Pegaptanib sodium safe for patients with age-related macular degeneration

May 4, 2005

Pegaptanib sodium (Macugen, Eyetech) is well tolerated in patients with age-related macular degeneration (AMD). No systemic side effects developed and any adverse events were mild, according to Anthony Capone, MD, of Royal Oak, MI. He reported the safety results of the Macugen AMD Study Group at the annual meeting of the Association for Research in Vision and Ophthalmology.

May 4

- Fort Lauderdale, FL - Pegaptanib sodium (Macugen, Eyetech) is well tolerated in patients with age-related macular degeneration (AMD). No systemic side effects developed and any adverse events were mild, according to Anthony Capone, MD, of Royal Oak, MI. He reported the safety results of the Macugen AMD Study Group at the annual meeting of the Association for Research in Vision and Ophthalmology.

Patients received an intravenous injection of pegaptanib sodium every 6 weeks for 54 weeks, and they were evaluated for adverse events, inflammation, intraocular pressure, visual acuity, and blood pressure. Patients had received a mean of 9.6 doses at the end of treatment.

Dr. Capone reported that there was no change in blood pressure over the course of the study and there was no significant worsening from baseline in urinalysis parameters.

"Most of the adverse events were ocular in nature. About 95% of the patients had an ocular adverse event. Most were mild and related to the injection procedure. The most frequent were pain, punctate keratitis, and vitreous floaters. No endophthalmitis, retinal detachment, or traumatic cataract occurred. Transient increases in intraocular pressure developed but were mild and did not result in discontinuation of the drug. Mild anterior chamber inflammation occurred in 7% of patients. Eighteen patients lost 20 or more letters, which was consistent across the study groups," he said. Six deaths occurred, but none were considered related to the study drug.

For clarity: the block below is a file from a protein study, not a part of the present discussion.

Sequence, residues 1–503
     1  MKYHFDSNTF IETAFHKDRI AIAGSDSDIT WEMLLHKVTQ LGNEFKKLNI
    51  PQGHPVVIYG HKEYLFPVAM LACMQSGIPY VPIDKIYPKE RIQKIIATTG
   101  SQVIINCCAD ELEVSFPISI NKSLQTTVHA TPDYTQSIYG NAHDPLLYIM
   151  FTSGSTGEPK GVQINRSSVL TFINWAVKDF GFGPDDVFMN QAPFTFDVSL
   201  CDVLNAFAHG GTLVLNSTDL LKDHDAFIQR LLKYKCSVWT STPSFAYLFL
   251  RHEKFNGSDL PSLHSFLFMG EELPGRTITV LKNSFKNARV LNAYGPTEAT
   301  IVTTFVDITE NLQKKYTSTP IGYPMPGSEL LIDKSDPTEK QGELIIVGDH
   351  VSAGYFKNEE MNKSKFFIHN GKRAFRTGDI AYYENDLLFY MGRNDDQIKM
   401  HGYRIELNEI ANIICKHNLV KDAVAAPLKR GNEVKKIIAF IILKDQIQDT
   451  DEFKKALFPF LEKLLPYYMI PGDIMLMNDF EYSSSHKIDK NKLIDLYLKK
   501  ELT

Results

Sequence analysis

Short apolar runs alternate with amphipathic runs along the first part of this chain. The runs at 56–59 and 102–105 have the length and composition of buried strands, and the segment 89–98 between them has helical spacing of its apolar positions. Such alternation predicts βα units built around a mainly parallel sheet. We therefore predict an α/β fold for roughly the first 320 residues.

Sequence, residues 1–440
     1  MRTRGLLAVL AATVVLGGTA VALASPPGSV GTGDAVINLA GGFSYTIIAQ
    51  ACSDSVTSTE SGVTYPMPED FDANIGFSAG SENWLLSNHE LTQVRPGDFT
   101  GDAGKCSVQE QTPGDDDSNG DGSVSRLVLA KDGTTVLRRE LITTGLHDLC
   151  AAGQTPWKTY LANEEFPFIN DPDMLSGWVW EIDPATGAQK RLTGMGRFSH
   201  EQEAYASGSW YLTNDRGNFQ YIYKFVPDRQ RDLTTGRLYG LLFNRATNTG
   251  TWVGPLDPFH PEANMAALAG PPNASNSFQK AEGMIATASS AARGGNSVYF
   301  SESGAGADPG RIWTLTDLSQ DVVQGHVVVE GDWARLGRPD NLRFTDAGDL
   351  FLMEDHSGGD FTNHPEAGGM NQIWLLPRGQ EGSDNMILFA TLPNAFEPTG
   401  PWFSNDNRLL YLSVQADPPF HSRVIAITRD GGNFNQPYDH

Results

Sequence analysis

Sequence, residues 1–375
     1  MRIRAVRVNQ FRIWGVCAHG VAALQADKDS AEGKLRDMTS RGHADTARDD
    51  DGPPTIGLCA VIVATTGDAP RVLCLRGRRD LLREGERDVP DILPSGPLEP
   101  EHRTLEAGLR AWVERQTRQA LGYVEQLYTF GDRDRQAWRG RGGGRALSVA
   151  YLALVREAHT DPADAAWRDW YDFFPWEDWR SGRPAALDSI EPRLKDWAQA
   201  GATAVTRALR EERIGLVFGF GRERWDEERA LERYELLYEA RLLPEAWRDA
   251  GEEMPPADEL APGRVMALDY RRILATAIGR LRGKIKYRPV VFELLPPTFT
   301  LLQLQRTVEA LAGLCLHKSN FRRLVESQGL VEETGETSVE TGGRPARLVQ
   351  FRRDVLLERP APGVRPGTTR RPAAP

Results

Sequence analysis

"Systemic levels of pegaptanib were low. There is no accumulation of the drug over time and no evidence of systemic vascular endothelial growth factor inhibition. There was no clinically significant ocular inflammation. Most ocular adverse events were mild. Adequate drug levels were maintained for 6 weeks at the 0.3 mg dose, which is the dose recommended from the clinical trial. The therapeutic index of the drug seems to be quite favorable," he concluded.